UVA Football somehow survived two turnovers on its first five snaps, one of them a picksix, a missed extra point, two missed chip-shot field goals, and eight second-half penalties.
Hey, ugly or not, it was a win, 16-9, over a Georgia Tech team that had won two straight after the school fired coach Geoff Collins, and for the first time since Brent Key was installed as the interim played like the team that got its coach fired.
For Virginia (3-4, 1-3 ACC), it was the first ACC dub for first-year head coach Tony Elliott, who, in concert with offensive coordinator Des Kitchings, was able to coax 410 yards out of his still-not-entirely-comfortable offense.
Brennan Armstrong, who was picksixed on his third pass attempt of the night, on a throw that hit Keytaon Thompson in the hands, popped into the air, and was returned 37 yards for a TD by LaMiles Brooks, rallied to put up decent, though still-not-BA numbers – 20-of-35 passing, 255 yards, one TD, two INTs, a 116.3 pass-efficiency rating.
Armstrong also led the team in rushing with a very-much-BA-like 91 yards, and scored on a 1-yard run that put the Cavaliers up 7-6 with 2:01 to go in the first quarter.
His 44-yard catch-and-run TD pass to Dontayvion Wicks made it 13-6 ‘Hoos in the second quarter.
That TD was the 57th for Armstrong in his UVA career, breaking the school record that had been held for nearly two decades by Matt Schaub.
Will Bettridge missed the extra-point try after the Wicks TD, one of his three misses – including two field-goal tries – on the night.
A 39-yard try that would have made it a two-score game with 1:16 to go in the first half was wide right, and left the door open for Georgia Tech (3-4, 2-2 ACC), which closed out the half with a 35-yard Gavin Smith field that made it 13-9 Cavaliers at the break.
Virginia dominated the line of scrimmage in the second half, outgaining Georgia Tech 226-41, but self-inflicted wounds – a missed 29-yard field-goal try that knuckled before hitting the right upright, a turnover on downs just outside the red zone when Elliott decided to go for it on fourth down rather than try another kick – kept the game close.
The defense came up big over and over all night, getting eight sacks, holding the Yellow Jackets to 201 yards, and yet, it was still a one-score game late when Elliott, inexplicably, decided to have his punt-block team in on a fourth-and-14 from the Georgia Tech 3, and wideout Lavel Davis was assessed a 15-yard penalty for leaping – basically, trying to vault over the wedge blockers – extending the Yellow Jackets drive.
Georgia Tech, given one last bit of life there, would eventually get the ball into UVA territory, before a Nick Jackson sack on a third-and-two would force a fourth-and-long, and a pass from Tech backup QB Zach Gibson intended for wideout Malachi Carter fell incomplete after hitting Carter in the hands beyond the sticks.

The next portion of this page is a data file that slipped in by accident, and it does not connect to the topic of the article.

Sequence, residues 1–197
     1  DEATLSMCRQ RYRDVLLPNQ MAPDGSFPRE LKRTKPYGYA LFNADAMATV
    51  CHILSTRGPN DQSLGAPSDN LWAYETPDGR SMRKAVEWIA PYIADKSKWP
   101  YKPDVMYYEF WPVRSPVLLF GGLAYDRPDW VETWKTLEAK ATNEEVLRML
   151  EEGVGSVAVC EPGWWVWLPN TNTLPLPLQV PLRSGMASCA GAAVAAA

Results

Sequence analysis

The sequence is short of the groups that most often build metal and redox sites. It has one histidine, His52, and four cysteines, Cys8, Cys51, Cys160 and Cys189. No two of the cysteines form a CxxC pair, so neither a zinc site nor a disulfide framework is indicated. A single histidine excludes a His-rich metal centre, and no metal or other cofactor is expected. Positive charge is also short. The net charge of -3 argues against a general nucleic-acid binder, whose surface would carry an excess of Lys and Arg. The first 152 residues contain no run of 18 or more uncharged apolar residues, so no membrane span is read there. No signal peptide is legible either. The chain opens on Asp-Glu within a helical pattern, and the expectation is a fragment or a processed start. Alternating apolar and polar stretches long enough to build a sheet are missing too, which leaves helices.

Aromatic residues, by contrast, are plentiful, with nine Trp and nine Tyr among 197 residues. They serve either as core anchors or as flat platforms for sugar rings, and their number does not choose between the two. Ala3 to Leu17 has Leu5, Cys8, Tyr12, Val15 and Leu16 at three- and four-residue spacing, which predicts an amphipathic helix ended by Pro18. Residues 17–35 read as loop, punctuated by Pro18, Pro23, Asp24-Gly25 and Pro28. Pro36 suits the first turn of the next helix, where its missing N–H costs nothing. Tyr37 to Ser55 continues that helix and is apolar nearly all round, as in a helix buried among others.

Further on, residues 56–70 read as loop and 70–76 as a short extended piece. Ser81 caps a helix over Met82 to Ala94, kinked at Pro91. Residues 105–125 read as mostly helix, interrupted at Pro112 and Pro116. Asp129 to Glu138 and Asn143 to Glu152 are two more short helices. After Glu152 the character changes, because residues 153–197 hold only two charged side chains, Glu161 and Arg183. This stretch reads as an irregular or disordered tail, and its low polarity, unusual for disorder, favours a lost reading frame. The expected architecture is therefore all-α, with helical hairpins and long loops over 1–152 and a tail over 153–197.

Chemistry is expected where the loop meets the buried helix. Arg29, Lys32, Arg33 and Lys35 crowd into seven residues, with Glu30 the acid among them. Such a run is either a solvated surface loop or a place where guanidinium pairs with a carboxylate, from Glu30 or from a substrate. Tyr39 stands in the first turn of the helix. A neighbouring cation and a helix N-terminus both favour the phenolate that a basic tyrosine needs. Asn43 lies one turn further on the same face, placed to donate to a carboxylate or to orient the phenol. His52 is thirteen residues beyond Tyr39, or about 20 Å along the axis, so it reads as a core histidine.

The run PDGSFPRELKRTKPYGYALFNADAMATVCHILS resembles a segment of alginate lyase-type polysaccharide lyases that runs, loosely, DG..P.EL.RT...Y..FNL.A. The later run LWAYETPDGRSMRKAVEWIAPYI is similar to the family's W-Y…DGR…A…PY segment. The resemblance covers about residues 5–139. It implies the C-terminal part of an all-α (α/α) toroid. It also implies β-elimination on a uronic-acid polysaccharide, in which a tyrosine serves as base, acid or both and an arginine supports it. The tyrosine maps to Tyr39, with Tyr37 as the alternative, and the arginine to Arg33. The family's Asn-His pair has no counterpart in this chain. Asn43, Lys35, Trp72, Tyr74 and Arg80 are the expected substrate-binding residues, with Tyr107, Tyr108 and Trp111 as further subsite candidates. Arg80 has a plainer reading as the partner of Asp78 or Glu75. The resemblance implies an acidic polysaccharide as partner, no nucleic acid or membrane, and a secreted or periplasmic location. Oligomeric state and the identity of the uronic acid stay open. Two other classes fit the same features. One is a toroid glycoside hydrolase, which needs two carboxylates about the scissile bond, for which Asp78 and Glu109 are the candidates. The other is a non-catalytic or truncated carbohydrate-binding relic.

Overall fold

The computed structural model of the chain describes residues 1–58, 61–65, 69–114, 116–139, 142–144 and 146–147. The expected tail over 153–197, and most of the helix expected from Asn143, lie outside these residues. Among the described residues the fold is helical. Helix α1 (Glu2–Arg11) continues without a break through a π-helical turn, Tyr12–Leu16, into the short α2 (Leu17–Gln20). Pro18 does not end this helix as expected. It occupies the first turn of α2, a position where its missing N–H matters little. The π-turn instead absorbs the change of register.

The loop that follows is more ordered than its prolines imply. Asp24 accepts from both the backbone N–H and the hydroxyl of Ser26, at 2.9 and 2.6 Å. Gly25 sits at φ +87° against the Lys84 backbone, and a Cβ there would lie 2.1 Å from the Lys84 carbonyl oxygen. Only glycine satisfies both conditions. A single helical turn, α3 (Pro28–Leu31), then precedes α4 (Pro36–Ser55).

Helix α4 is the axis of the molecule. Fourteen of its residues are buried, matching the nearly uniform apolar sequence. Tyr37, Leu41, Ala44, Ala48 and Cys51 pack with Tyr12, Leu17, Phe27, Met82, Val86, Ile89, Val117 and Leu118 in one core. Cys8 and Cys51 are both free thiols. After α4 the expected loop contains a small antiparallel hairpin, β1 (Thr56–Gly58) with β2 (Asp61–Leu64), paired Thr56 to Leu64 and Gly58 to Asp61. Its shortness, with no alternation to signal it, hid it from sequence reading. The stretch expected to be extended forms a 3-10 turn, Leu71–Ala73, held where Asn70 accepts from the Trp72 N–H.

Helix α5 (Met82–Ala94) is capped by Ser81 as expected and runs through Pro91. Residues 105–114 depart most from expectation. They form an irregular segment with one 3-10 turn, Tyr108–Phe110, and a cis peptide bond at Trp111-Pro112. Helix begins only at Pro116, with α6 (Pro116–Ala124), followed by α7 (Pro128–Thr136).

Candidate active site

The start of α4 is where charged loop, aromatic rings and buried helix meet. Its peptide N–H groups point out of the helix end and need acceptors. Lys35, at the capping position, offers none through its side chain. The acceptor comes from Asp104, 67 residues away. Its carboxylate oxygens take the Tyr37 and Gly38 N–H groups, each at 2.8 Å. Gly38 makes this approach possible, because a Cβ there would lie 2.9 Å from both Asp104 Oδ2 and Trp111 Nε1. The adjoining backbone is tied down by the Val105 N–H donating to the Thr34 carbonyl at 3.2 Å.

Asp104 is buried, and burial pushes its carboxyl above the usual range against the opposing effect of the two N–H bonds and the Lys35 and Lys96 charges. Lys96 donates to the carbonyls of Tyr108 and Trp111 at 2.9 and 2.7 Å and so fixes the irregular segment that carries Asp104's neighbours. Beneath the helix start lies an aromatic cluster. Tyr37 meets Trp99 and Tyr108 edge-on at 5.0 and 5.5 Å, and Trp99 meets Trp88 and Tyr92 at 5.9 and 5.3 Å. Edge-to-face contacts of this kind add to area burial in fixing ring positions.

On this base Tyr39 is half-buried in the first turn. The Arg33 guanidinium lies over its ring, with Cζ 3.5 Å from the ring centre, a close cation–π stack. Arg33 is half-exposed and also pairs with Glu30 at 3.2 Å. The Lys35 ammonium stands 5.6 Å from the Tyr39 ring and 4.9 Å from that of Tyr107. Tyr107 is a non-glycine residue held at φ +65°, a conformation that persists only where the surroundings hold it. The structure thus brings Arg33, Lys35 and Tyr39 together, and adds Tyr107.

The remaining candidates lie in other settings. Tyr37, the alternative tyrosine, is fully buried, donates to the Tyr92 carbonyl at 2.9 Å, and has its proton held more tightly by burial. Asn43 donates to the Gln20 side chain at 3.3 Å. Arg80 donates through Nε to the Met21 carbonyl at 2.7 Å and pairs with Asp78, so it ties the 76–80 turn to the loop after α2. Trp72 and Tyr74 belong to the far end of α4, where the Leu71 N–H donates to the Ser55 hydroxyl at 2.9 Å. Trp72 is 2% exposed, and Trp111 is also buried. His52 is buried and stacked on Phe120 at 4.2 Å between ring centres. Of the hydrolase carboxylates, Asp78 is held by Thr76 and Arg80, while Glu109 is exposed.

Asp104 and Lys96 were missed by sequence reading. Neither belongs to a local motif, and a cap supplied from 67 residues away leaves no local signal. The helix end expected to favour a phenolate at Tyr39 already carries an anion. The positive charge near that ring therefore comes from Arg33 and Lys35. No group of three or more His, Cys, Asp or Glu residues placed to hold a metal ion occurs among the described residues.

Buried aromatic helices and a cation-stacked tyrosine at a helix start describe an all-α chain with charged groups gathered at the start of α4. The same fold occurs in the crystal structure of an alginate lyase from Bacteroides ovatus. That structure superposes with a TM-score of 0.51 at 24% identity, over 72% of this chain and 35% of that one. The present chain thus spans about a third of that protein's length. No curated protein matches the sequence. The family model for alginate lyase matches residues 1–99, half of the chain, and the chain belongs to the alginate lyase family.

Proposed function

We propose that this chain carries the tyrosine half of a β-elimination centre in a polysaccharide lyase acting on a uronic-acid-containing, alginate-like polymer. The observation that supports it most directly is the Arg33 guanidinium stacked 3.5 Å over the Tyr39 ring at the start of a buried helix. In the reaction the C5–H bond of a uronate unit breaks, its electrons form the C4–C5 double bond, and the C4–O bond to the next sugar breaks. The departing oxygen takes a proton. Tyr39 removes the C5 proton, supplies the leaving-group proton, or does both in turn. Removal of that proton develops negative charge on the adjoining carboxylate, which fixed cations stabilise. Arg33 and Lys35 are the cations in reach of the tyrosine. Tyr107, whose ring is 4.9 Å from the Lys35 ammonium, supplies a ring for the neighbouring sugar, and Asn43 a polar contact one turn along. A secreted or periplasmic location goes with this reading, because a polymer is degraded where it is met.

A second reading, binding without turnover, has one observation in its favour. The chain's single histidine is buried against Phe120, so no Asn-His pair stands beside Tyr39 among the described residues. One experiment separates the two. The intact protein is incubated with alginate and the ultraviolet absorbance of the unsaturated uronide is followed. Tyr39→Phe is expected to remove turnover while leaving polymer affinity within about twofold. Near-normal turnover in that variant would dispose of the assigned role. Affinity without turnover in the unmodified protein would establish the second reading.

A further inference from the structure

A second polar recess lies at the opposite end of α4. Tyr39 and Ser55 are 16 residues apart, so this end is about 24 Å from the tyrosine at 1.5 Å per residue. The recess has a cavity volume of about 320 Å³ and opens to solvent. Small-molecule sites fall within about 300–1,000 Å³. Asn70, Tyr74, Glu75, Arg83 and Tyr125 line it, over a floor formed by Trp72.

A win is a win is a win, and this one was the first in more than a month for Virginia, and its first over a Power 5 team in 2022.
Armstrong, who averaged 404.5 yards per game passing last year, still has yet to throw for even 300 in a game in the new Elliott/Kitchings offense, but the defense came up strong, holding Georgia Tech to 55 net yards on the ground, and 6-of-21 on third downs.
The still-glaring issues: four turnovers, 10 penalties for 82 yards – Virginia came in leading the ACC in penalty yardage (71.3 yards per game), so, not getting better there – and abysmal special-teams play.
In addition to the three missed kicks that left seven points off the scoreboard, and the three that you should be able to presume from what turned into a failed fourth-down conversion in what most other teams consider to be field-goal range, there was also a blocked punt in minus territory, a kick return mistakenly downed at the UVA 3, a penalty on another kick return that set up the offense inside the UVA 15, a penalty on a punt that Billy Kemp IV had returned to midfield that cost the team 20 yards in field position, then the penalty by Davis that extended the game in the fourth quarter.
That last one was just a dumb coaching move from Elliott, who, we can hope, will realize sometime this weekend, if he doesn’t realize it now, that all he needed to do was have Kemp fair-catch the punt at midfield and have the offense run the clock out.
The staff will also have to figure out what to do at placekicker, with Bettridge, a five-star Class of 2022 recruit, now having missed two field-goal tries and two extra-point tries, after replacing Brendan Farrell, who had missed four field-goal tries and an extra-point try before losing the PK1 job.
Maybe Elliott can recruit somebody from one of the nationally-ranked soccer teams between now and the Oct. 29 home game with Miami, the first of four games in a row for the ‘Hoos in the friendly environs at Scott Stadium.
At least the offense made some incremental steps in the direction of looking something like last year’s group.
And the defense looked like the Monsters of the Midway.
And it was a win.